Wings accept factors for slow start
New players? No excuse.
New coaches? No excuse.
The NHL is a bottom-line place, so excuses aren't acceptable among fans, media, players, coaches, etc.
That does not mean, however, that there aren't factors into why a team is succeeding or failing. Let's take a look at the Red Wings as an example. Heading into weekend play, the Wings are a pedestrian 3-3-2, having scored 24 goals and allowed 28. So why the middling start?
We're talking transition here and not the on-ice version of going from offense to defense. A veteran club over the past several seasons, the Wings are icing a fairly significant number of newcomers on the roster this season. An excuse for the start? No, but a factor to be sure.
"Every night we play with six forwards who didn’t play for us last year," coach Mike Babcock told Chris McCosky of the Detroit News. "It's a bit of a change. But if you look around the league, it's the same for everybody else."
Detroit is playing Justin Abdelkader, Ville Leino and Jimmy Howard, three rookies, so that's an adjustment. Johan Franzen is out until February after knee surgery. Also factor in that Darren Helm and Jonathan Ericsson are full-timers this season, not the case last season. Again, more transition. And Todd Bertuzzi, Patrick Eaves, Jason Williams and Brad May are experienced NHL players, but not experienced Red Wings players.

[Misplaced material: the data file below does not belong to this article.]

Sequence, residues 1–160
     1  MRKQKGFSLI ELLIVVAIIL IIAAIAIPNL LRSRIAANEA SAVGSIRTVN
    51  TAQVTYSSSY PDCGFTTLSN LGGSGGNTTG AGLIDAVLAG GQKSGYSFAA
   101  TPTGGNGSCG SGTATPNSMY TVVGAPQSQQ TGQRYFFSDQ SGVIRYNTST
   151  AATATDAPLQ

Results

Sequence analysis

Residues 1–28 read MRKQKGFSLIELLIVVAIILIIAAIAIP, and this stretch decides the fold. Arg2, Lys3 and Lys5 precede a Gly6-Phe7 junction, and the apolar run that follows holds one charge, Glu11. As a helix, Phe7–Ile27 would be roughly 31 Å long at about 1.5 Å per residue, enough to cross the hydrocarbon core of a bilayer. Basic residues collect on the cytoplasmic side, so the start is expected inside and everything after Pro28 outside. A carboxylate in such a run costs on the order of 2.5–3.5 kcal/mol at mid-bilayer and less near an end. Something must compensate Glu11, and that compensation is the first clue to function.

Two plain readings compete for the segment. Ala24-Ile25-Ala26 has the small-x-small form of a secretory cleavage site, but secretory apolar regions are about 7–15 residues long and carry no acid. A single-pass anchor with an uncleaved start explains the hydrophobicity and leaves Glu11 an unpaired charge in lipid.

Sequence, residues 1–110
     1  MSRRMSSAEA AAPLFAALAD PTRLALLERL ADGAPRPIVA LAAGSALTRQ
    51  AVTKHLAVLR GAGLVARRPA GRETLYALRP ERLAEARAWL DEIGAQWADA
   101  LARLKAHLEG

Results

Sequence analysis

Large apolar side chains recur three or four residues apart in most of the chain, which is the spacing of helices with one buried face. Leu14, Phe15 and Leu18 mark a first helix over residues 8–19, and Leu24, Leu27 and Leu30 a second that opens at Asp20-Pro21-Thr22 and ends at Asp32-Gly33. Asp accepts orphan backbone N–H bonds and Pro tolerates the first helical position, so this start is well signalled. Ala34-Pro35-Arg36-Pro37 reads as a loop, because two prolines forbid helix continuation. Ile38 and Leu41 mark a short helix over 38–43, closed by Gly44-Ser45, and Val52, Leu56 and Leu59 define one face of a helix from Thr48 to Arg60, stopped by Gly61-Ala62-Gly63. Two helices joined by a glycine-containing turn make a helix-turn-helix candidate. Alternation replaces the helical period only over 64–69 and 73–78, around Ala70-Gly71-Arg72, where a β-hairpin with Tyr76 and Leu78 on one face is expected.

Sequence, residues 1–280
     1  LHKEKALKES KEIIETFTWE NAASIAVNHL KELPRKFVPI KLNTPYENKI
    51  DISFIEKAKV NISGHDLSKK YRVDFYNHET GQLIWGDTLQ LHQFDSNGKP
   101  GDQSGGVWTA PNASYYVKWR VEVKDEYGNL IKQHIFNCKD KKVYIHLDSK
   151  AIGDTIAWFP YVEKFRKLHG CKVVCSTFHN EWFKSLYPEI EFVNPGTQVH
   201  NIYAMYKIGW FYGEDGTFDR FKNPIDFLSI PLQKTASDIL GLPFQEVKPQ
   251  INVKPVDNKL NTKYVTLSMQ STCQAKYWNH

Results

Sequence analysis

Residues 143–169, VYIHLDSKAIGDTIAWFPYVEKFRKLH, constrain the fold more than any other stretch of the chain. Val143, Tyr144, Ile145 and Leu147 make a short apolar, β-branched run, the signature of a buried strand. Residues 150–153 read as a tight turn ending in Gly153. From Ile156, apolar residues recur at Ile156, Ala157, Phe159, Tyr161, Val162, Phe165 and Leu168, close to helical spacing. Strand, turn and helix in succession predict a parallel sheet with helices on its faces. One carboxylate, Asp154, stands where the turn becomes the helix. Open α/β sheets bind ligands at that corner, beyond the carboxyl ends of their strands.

Again, not excuses, but factors to be sure.
"Right off the hop, there's a lot of information to take in," veteran Kris Draper said. "But the bottom line is you have to go out and play a game. I think what you've seen early is guys trying too hard to be in the right spots. The more you think, the slower you are, right? It's just a matter of going out and playing and getting more confident in playing with different guys in certain situations."
"I think when you have new players it's a matter of them getting used to our system and getting to know how we play," Nicklas Lidstrom said. "You can't just insert a number of players and expect to be right back where you want to be all the time. It takes time sometimes, and that's why you have to stick with the system that you're playing and stick with your foundation and not get away from playing the way you want to play."
Despite it all, however, Babcock sees no reason for the Red Wings to languish.
"What's important to understand is, it doesn't matter how you win. You just gotta win," he said. "If you are not playing like you did in the past or if you have to do things a lot harder -- so what? As a team, just do it for one another, dig in and find a way to win."